ORANGEVILLE: Unknown to many Canadians, those of Sikh faith and heritage have a rich history in Canada.
On Apr. 1, a small group of dignitaries gathered outside the Town of Mono building to raise a flag in recognition of that heritage.
“Sikhs have been a part of the fight for equality, helped build industries, and today provide the services we all depend on as Canadians,” explained Narinder Paul Singh, a Dufferin County resident and member of the Sikh Heritage Celebration Committee. “(There are) 120 years of struggle, hard work, and success.”
Canada was the first country to celebrate Sikh Heritage Month, marking it nationwide as of 2019, and recognized in Ontario beginning in 2013.
“The Sikh heritage is a very rich heritage,” said Sukminder Singh Hansra, member of the Sikh Heritage Celebration Committee.
Sikhs began to arrive in Canada at the end of the 19th century, and the majority arrived in the country from 1904 to 1908.
The month of April is an important month for Sikhs worldwide. During April, they celebrate Vaisakhi. For Sikhs, the significance of the celebration dates back to 1699, when Guru Gobind Singh created the order of the Khalsa.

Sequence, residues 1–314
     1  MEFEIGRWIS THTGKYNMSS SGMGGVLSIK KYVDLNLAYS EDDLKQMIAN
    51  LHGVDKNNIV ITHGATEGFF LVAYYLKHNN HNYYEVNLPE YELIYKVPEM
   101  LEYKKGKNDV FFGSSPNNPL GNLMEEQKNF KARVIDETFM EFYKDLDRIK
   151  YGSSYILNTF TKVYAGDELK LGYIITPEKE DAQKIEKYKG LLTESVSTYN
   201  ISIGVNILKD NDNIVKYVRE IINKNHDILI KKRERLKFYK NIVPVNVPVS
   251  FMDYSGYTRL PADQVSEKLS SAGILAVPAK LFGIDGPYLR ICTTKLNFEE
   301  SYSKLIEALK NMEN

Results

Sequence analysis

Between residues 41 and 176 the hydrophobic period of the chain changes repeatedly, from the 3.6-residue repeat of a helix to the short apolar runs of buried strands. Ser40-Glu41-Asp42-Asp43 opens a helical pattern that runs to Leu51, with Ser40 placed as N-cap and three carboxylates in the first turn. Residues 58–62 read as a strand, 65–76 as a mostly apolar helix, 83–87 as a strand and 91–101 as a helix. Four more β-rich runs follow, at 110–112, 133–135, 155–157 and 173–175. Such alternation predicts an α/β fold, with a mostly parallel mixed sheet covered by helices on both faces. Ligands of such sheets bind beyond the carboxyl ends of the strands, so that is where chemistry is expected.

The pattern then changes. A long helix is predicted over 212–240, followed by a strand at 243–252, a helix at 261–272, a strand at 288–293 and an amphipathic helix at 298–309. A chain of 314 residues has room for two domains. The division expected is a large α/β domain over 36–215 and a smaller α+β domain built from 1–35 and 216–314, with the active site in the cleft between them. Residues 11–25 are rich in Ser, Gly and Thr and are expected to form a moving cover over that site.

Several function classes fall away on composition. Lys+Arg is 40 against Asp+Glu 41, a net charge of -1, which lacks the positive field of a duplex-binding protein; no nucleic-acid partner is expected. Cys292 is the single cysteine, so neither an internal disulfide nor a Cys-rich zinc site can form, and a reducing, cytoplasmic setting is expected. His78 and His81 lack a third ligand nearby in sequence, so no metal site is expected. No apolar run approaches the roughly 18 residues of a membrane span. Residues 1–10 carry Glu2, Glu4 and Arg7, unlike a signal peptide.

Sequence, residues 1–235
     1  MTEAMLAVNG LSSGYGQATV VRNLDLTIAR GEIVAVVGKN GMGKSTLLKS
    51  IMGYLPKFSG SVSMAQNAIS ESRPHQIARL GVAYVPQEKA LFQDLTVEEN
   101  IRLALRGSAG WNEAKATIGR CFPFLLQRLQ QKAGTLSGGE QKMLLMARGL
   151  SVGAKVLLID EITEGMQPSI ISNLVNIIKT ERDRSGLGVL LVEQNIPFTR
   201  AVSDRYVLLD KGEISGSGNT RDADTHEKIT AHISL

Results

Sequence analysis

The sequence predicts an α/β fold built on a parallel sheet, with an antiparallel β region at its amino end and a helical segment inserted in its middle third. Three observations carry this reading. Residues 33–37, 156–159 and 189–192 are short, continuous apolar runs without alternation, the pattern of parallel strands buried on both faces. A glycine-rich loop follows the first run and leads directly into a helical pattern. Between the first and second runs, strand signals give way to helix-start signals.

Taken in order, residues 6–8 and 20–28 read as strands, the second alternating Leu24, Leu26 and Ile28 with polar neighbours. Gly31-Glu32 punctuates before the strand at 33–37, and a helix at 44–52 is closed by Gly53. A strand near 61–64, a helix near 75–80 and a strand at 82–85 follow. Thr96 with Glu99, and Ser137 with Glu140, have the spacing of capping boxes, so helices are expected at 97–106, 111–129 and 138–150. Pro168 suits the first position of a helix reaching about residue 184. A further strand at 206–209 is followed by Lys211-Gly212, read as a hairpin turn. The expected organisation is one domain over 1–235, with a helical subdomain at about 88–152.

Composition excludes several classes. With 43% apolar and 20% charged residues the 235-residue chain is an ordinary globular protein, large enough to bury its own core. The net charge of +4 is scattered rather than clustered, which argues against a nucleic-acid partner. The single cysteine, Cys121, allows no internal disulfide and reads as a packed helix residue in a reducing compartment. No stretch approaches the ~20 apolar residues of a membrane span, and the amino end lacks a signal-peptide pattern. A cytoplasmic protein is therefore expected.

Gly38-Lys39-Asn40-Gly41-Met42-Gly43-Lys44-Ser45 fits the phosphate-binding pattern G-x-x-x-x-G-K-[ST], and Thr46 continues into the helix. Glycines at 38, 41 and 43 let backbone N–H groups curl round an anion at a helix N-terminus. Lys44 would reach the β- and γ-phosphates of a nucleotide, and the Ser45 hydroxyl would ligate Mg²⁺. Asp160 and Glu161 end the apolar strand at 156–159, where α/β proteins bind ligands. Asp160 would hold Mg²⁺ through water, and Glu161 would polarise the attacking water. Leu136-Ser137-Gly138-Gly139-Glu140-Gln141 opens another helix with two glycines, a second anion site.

“Sikhism really talks about equality,” said MP Kyle Seeback, during the flag-raising. “It was remarkable at the time when it was being written. There are so many other wonderful things about the Sikh religion, and we should all take the opportunity to learn more about the people.”
Hansra noted that as the Sikh community has slowly grown in Canada over the past hundred years, it was not common to educate people on who they were. With worldwide events occurring that highlighted Sikhism in a negative light, it made them more aware of the importance of sharing that.
Mayor Laura Ryan, who attended the flag-raising on behalf of the Town of Mono, was present during the first raising prior in Orangeville. Last year, the town was unable to host the event themselves due to the COVID-19 lockdown.
“I’m very happy that we are able to do it here this year,” said Ryan. “It’s important. Many of (the) new members of our community (are) of the Sikh religion and heritage. It is with great pride we put the flag up.”
Singh added the month is as much about understanding the ways and importance of the contribution of immigrants to Canada as it is about their own heritage.
“When we better understand the complete history of Canada, the equality, justice, and service, our diversity — and ultimately our country — will become stronger,” said Singh.
The flags will be raised in honour of Sikh Heritage Month at Shelburne Town Hall on April 7 at 10 a.m. and at Orangeville Town Hall on April 15 at 10 a.m.